Houston airport shooter wrote in note of "monster within"
HOUSTON (Reuters) - A man who caused a panic when he fired a Glock semi-automatic pistol in the air at a busy Houston airport terminal and then killed himself, left a suicide note that spoke of "the monster within me," police said on Friday.
Houston Police Chief Charles McClelland said the dead man, identified as Carnell Moore, was intent only on killing himself. The incident could have been much worse if he had turned the gun on passengers Thursday afternoon at George Bush Intercontinental Airport.
"We are very, very fortunate that the individual suspect did not injure or kill any other victims," McClelland said.
Houston police described Moore's strange behavior leading up to the shooting, beginning on Tuesday when he made romantic advances toward a woman at the apartment complex were he worked as a janitor in Beaumont, Texas.
"He, in effect, kidnapped her at gunpoint and wanted her to take him to Houston," said Phil Waters, a Houston homicide detective.
She talked him out of harming her and he released her, police said.
Moore then drove his pickup truck to Houston and checked into a hotel, posting messages on Facebook about a "final act" that would happen on Thursday, police said.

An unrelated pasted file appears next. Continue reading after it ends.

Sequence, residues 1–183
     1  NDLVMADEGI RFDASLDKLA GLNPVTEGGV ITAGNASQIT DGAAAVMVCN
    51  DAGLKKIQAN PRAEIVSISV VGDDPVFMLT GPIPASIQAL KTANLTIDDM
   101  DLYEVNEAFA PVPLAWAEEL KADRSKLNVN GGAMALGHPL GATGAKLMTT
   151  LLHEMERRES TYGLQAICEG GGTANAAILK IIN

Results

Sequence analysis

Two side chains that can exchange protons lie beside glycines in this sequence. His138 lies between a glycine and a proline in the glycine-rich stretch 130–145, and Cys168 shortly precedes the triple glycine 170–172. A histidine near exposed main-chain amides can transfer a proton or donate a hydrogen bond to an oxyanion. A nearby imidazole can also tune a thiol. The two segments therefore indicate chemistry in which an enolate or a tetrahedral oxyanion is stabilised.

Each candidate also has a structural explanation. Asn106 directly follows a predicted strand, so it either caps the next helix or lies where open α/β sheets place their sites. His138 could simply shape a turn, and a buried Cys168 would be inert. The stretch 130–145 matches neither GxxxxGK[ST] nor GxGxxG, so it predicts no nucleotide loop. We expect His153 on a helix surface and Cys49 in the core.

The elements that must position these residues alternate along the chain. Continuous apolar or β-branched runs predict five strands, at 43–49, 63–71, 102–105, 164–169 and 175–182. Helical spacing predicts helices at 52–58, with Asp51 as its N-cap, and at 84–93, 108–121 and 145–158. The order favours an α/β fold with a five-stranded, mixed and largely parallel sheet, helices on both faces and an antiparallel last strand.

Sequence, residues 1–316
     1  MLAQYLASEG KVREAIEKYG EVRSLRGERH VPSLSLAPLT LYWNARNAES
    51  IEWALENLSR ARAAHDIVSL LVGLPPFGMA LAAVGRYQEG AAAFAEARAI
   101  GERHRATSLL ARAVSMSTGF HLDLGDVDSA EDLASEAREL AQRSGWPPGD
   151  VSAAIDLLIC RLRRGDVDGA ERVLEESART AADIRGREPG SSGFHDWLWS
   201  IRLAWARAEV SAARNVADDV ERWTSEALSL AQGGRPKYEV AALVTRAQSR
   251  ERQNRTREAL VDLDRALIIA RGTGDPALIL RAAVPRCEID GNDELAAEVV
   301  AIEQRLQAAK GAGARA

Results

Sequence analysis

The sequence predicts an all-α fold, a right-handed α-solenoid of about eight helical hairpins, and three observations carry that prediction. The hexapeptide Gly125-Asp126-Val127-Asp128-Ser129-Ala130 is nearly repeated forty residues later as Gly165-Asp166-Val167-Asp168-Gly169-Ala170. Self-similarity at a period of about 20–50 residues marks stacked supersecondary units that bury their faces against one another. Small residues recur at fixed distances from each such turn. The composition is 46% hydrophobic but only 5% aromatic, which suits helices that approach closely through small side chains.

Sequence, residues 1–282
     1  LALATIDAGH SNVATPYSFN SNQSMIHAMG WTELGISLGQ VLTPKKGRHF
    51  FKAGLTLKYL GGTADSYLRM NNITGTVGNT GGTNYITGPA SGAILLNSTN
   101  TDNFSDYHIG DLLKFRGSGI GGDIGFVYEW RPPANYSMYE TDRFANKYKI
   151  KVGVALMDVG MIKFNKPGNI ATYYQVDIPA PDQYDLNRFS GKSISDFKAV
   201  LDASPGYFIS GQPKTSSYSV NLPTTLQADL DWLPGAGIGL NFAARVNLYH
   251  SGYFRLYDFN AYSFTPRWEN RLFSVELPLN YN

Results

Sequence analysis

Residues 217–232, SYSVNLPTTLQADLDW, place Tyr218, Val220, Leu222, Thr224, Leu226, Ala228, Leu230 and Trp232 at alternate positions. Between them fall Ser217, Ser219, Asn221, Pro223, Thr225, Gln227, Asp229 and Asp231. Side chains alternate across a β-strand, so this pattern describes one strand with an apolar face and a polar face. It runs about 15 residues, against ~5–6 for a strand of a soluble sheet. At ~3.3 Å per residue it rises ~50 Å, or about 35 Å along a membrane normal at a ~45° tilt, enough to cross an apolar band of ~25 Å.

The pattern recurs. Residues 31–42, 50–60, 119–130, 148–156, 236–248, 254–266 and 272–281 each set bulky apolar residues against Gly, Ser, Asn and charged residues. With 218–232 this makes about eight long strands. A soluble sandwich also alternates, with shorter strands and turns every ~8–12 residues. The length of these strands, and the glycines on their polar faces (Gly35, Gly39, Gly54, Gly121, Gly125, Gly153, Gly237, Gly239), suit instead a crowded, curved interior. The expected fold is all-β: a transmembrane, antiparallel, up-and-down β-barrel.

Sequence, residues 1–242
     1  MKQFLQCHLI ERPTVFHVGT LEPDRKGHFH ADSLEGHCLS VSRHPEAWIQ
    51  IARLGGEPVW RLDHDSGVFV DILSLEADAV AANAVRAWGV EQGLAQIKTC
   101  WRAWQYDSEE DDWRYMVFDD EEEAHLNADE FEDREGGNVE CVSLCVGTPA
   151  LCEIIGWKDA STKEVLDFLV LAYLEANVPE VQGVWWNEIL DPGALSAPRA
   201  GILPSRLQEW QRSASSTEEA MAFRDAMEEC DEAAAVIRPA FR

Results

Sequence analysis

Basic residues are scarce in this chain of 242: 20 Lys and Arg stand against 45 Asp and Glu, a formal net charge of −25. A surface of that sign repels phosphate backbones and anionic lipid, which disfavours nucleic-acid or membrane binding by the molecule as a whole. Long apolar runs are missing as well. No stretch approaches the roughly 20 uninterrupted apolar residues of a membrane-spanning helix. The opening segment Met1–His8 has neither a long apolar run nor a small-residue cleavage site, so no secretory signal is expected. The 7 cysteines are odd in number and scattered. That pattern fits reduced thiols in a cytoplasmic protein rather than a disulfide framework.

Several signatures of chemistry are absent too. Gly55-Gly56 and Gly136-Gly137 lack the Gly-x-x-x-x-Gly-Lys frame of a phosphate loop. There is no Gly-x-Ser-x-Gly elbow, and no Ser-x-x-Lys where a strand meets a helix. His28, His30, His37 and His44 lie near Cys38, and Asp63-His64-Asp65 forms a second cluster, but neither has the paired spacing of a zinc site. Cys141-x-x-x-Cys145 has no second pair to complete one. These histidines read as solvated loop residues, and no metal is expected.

On Thursday at around noon, he drove his pickup truck to the Terminal B passenger pickup area, got a suitcase out of the bed of the truck and walked into the terminal. The black suitcase contained a second loaded gun, a type of AR-15, sometimes referred to as an assault weapon, the suicide note and a Gideon Bible taken from the hotel room, police said.
He sat in a chair inside the terminal by the United Airlines ticket counter and near a Starbuck's coffee kiosk for a while, then drew his pistol and fired twice in the air. A Homeland Security agent confronted him and fired his gun.
Moore was shot in the shoulder, which police believe to be from the security agent's gun.
"The fatal wound is a wound to his temple where...the wound has what we call tattooing, which is almost like a branding," Houston police Sergeant Brian Harris said. That wound was consistent with being self-inflicted, he said.
The suicide note said Moore did not want to hurt anyone else, police said.
His brother was quoted as telling investigators that Moore was mentally ill, although police said they have no documented proof of treatment.
The shooting terrified passengers, who dived for cover and ran from the scene. The terminal was locked down and the Federal Aviation Administration issued a "ground stop" halting flights in and out for a period of time.
(Reporting By Amanda Orr; Writing by Greg McCune; Editing by L Gevirtz)
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